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How Haisla Nation’s Cedar LNG Project is a New Dawn for Indigenous Peoples


5 minute read

Written by Estella Petersen for Canada Action

Who formed the partnership between Haisla Nation and Cedar LNG, and why? Who benefits from this project? Is there First Nations support for this project, and if so, what can we learn from it?

Into the Water

The Haisla Nation and Pembina Pipeline Corp. Cedar LNG first proposed this project to the government in 2019.  Since then, this partnership has proven to be successful in achieving the details of the project, such as government approval and recently B.C.’s Environmental Assessment Certificate.

Plans for the $3 billion floating export terminal in Kitimat is to start shipping to places like Asia by 2027. There is a market for Liquified Natural Gas (LNG) worldwide, which is expected to grow dramatically over the next several years.

Dwellers Down River

It’s not hard to see the pride in the faces of people from Haisla Nation as this project has evolved. Particularly Chief Councillor Crystal Smith and former Chief Councillor Ellis Ross as they tirelessly negotiated to have their people as partners in the project from the conception through to the operational stage.

Despite being Indigenous, I am not from the Haisla Nation but I consider this a positive step forward for all Indigenous people in Canada. Additionally, to see a female Indigenous Chief so passionate about making change in her community while implementing their cultural values and maintaining responsible social and environmental priorities into this major project is undeniably inspiring.

The impact this project will have on Indigenous people may begin with the Haisla people, their community, and the region surrounding them. But it also includes those families and businesses involved with this project, whether that be BC Hydro to supply renewable power, or smaller companies that are providing goods and services in the area.

Our country and the world stand to benefit immensely from Cedar LNG, as it will ship some of the lowest GHG-emitting LNG globally and be a go-to source of natural gas as the world looks to transition to renewables.

There Will Always Be Naysayers

Realistically, there will always be people who do not want someone or something to succeed, I call this the glass half empty mentality. The same seems to ring true for energy projects in Canada.

Let us just say that anti-oil and gas protestors don’t go unnoticed. When First Nations stand up to support energy projects in Canada, the backlash from these opponents seems extreme.  Stating those of us who encourage Indigenous partnerships with energy companies are “colonialized” misunderstand that partnerships create economic reconciliation. It is also a bit insensitive, as we have the right to choose to support the responsible development of natural resources in Canada if we want to.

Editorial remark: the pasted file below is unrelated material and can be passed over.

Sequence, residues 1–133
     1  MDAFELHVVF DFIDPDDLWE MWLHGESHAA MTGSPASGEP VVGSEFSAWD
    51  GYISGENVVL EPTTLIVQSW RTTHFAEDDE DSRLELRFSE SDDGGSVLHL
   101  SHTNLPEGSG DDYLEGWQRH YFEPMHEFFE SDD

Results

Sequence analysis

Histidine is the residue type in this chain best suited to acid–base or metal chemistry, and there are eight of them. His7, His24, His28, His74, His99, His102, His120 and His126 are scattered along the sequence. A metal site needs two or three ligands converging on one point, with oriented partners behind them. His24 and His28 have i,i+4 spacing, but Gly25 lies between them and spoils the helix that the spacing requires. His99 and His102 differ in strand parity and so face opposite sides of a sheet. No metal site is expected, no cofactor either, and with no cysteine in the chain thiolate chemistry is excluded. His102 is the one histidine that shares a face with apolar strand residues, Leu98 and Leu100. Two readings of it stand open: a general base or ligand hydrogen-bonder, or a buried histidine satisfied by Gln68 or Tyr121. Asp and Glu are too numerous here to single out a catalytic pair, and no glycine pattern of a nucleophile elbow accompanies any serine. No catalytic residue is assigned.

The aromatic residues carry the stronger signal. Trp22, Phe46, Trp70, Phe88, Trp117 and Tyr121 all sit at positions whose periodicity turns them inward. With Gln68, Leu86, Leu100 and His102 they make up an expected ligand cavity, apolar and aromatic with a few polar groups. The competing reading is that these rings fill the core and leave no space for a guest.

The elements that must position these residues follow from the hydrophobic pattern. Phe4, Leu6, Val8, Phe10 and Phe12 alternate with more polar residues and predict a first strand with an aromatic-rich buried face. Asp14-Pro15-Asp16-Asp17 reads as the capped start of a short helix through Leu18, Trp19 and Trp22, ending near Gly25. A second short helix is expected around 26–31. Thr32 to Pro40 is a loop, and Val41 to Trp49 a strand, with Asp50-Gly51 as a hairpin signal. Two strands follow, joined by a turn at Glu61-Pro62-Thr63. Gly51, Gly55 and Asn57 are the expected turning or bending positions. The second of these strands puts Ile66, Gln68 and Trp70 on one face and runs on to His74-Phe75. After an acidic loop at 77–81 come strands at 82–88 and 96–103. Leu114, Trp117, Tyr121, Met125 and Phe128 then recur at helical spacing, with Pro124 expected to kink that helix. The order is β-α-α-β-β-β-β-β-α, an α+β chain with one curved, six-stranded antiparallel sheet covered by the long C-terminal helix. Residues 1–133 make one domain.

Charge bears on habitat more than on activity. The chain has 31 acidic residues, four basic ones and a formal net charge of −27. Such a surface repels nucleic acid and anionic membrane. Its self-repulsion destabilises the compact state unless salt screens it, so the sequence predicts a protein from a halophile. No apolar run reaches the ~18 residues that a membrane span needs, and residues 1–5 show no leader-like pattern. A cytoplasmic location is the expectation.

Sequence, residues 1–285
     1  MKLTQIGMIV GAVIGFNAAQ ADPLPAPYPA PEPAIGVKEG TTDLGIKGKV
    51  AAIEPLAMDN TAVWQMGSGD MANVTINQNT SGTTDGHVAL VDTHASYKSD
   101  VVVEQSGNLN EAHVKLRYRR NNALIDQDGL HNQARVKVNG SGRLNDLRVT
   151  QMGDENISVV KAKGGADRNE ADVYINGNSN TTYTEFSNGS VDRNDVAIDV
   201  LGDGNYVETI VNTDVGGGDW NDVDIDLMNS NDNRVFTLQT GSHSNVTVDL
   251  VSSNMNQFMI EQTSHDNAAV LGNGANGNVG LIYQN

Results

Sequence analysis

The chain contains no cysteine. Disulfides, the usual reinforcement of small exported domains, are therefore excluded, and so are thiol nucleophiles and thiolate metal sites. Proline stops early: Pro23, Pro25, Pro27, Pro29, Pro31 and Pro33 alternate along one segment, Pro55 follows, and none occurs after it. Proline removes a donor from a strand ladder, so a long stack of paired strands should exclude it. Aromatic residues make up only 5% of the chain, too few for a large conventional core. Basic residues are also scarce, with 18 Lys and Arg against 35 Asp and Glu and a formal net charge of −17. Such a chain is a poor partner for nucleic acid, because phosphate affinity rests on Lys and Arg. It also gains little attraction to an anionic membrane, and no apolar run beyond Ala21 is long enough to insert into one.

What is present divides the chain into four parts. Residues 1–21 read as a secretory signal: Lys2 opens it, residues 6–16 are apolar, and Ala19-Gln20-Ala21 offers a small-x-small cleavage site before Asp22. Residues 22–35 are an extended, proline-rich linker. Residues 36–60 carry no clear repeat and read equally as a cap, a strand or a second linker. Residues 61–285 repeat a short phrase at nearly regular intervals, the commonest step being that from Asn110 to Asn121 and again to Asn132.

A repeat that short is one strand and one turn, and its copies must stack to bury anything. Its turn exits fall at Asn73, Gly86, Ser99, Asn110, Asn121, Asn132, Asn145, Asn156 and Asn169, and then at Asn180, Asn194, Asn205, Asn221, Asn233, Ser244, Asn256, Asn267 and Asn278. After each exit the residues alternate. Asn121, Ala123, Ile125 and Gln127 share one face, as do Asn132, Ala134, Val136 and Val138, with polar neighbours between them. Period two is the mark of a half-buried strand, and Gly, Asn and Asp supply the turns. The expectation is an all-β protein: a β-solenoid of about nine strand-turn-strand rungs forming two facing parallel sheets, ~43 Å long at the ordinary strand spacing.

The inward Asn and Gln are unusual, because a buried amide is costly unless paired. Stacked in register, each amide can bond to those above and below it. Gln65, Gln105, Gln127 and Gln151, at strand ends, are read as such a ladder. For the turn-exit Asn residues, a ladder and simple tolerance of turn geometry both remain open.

The opportunities for Indigenous communities to improve their quality of living through housing, drinkable water, proper education, modern healthcare, and social programs like mental health counselling are essential to our people.

Who Are We Becoming?

“We” Indigenous people are becoming educated, business-oriented, partners in large energy projects, owners of businesses, independent of government dependence, and breaking away from negative stereotypes of Indigenous people. We are regaining our culture, languages, and spirituality, while remaining stewards of the land – that will never change.

What we learn is that Haisla Nation and the Cedar LNG project will change history in regards to how oil and gas projects work with Indigenous people. Involving Indigenous people from the beginning stages of a project, throughout the project, and for generations to come is how you can build better relationships with local communities, advance economic reconciliation with First Nations, protect the environment, and perhaps get some new major energy projects built while at it.

About the Author

Estella Petersen is a heavy machinery operator in the oil sands out of Fort McMurray. Estella is from the Cowessess Reserve and is passionate about Canada and supporting Canadian natural resources.


Biden’s Energy Policies Directly Cost U.S. Households More Than $2,548 Since 2021

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From Heartland Daily News

By Linnea Lueken

Energy prices continue to surge due to President Joe Biden’s radical energy and climate agenda, according to an analysis by The Heartland Institute, a national free-market think tank. The analysis depended entirely on data from Biden’s U.S. Energy Information Administration.

In 2021, household electricity prices increased 8 percent. Electricity price increases accelerated even more in 2022, and continued to rise in 2023. Since December 2020, the last month before Biden took office, residential electricity prices have increased by 23 percent.